in the applicable ASME B31 Code, modifying the thickness for

any external pressure or additional loads, selecting pipe

schedule based on manufacturer's tolerance. Also, calculating

the Maximum Allowable Operating Pressure (MAOP) for the

pipe after determining the pipe wall thickness will be covered.

The previous module discussed an early step in designing a

piping system: selecting pipe material. Selecting pipe material

sets parameters for the other facets of piping design and is

required to determine allowable design stress, which is

necessary to calculate the required wall thickness.

Knowledge of the following is necessary to achieve the

objectives of MEX 101.03:

as discussed in MEX 101.01.

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Pipe Wall Thickness Calculation

In the process of calculating the wall thickness of a pipe several

parameters must be considered and accurately specified.

These parameters are listed below.

Pipe material: The pipe material will be specified as has been

discussed in the previous chapter. The material type identifies

basic design parameter, which is the allowable stress to be

explained in the coming sections.

Internal pressure: This the crucial parameter in piping design

because the main purpose pressure piping Codes and

Standards is to contain the pressurized fluid from escaping out

or rupturing the pipe.

Fluid temperature: The fluid temperature affects the allowable

stresses of the material and the designated Code because each

Code has temperature limitation.

External loads: These loads could be caused by external

pressure due to vacuum or water static head for submarine

lines. Also, dead weight of soil, snow or sand over burden load

on the pipe.

Construction: Construction of pipelines whether on land or off

shore could add additional construction requirement that may

increase the wall thickness of the pipe. In fact for off shore

pipeline, stresses on the pipe exerted on the pipe during lay-off

from the barges are the detrimental factor of the pipe wall

thickness. Another example is the elastic bend requirement to

follow the pipeline terrain for on land pipelines.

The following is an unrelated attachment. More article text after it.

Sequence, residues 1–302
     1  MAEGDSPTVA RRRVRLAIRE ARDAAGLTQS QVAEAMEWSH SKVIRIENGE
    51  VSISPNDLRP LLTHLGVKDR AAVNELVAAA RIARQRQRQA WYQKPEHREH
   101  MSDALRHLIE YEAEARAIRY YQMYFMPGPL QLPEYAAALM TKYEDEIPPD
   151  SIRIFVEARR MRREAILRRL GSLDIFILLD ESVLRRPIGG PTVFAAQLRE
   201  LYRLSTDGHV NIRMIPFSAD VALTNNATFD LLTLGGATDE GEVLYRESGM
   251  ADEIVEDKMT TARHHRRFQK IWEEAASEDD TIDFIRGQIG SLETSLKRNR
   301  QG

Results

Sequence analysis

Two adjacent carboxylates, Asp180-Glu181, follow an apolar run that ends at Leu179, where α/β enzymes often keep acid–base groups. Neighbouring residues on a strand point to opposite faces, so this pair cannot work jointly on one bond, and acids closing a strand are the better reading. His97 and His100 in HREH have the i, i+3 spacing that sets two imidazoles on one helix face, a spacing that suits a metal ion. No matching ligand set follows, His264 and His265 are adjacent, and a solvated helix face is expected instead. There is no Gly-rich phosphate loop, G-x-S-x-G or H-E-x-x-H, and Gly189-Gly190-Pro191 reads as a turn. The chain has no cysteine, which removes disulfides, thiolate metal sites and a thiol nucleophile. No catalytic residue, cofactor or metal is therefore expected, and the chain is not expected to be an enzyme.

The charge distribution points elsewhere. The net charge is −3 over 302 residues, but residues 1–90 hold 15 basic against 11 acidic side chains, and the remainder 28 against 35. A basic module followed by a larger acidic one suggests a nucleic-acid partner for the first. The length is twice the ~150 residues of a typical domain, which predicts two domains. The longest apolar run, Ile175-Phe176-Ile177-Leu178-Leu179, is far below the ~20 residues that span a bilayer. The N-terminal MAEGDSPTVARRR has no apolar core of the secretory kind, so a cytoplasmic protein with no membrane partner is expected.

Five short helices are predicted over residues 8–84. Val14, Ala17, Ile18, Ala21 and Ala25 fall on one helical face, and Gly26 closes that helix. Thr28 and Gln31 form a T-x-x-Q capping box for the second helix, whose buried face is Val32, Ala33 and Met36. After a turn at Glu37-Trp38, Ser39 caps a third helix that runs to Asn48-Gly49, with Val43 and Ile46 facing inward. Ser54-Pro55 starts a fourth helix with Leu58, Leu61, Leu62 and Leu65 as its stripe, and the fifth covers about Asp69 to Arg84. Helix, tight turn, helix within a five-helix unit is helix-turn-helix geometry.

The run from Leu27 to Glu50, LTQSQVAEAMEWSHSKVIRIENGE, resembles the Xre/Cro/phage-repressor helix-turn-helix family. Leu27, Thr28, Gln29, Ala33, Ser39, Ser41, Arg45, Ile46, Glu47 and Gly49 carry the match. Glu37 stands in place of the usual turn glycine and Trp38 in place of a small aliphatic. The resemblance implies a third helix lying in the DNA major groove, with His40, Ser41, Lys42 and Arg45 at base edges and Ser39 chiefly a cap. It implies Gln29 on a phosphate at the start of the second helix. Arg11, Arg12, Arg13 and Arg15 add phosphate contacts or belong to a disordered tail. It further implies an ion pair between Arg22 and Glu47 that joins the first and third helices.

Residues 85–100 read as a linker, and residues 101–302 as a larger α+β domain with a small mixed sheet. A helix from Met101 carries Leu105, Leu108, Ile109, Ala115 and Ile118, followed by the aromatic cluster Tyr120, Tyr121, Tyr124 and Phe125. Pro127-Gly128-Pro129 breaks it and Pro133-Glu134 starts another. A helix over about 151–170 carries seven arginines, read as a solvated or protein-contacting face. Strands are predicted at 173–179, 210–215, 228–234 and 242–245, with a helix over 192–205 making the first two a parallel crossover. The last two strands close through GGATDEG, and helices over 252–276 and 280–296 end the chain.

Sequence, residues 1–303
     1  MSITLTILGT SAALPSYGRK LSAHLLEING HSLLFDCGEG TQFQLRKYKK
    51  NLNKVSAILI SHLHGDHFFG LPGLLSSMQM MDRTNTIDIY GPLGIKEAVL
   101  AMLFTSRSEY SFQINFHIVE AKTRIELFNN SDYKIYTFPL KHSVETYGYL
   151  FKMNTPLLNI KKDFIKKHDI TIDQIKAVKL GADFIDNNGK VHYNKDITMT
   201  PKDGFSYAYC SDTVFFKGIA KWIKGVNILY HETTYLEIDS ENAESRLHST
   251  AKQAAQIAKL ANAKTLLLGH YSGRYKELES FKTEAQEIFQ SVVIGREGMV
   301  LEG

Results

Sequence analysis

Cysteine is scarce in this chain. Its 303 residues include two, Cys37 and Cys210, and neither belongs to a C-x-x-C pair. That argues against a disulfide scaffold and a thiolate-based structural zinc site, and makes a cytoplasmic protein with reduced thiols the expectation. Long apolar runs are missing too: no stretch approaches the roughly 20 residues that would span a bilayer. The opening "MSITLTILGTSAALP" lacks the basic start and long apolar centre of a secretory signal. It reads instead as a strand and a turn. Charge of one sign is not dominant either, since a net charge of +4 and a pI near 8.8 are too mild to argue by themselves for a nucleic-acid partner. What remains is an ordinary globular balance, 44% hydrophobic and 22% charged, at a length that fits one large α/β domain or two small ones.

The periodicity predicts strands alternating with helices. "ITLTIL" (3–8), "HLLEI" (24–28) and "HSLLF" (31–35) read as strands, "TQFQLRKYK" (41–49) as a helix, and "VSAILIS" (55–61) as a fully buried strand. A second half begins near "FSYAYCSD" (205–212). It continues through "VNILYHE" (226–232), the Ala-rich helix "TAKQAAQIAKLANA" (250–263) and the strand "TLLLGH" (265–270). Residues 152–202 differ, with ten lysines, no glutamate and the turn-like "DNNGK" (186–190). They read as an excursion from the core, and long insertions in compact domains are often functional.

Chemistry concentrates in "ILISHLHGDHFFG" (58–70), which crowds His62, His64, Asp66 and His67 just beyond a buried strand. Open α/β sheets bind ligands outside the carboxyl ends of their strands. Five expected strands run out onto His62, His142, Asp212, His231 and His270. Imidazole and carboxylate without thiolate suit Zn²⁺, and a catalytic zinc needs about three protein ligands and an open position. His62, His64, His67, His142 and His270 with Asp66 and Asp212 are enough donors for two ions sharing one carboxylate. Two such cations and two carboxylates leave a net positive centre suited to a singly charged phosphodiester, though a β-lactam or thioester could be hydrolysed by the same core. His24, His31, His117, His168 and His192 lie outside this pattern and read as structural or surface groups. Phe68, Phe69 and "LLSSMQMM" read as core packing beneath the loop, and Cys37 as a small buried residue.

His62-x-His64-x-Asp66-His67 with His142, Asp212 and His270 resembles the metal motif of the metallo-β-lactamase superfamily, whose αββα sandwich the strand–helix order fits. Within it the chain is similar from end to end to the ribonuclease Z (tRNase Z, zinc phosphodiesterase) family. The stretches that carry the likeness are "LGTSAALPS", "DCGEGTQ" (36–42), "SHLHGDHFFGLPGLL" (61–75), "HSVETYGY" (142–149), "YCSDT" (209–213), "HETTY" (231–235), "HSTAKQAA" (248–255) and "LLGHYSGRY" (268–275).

The industry Codes provide rules and guidelines for establishing

these parameters, however Saudi Aramco have established its

own rules that generally follow the industry Codes but with more

stringent requirement.

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The main objective of piping codes is to insure that piping

systems will not under pressure. Piping systems are designed

and constructed to convey pressurized fluid, mostly flammable

and could be toxic, therefore Codes tend to very conservative in

respect to pressure containment of the pressurized fluids. This

explains why there are few failures reported due to

overpressure of the piping systems.

The basic theory for designing of wall thickness of a piping

system that contains the internal pressure is based on limiting

the hope stress developed by this pressure to an acceptable

value by the Code. The calculated hope stress in pipe shell,

refer to Figure-1, is based on Lame equation as follows:

Equation 1.

equation based on an intermediate diameter and introduced a Y

factor to correct the difference. Boardman's equation has

become the basis for calculating wall thickness B31 Codes for

pressure containing piping. Boardman's equation is as follows:

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Equation 2.

Sh = P (D Y t ) / 2 t

considered 0.4. For thicker pipe Y can be calculated as will be

discussed later.

Each code provides an equation that is used to calculate

internal pressure thickness. The equations may look different

and / or the approach varies, but the basic concept is the same.

The main concept is to limit the hoop stress, Sh, to an

acceptable and safe level.

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Pipe Wall Thickness Calculation

Each engineer should be familiar with the steps followed to

determine the wall thickness of the pipe. He should be aware

that the thickness shall not be less than the minimum required

by the Code otherwise this would be a basic violation to the

relevant Code. At the same time it should not be over specified

because that would be reflected as unnecessary capital cost.

Over specifying wall thickness mostly will have significant

impact on capital investment in terms of millions of dollars. The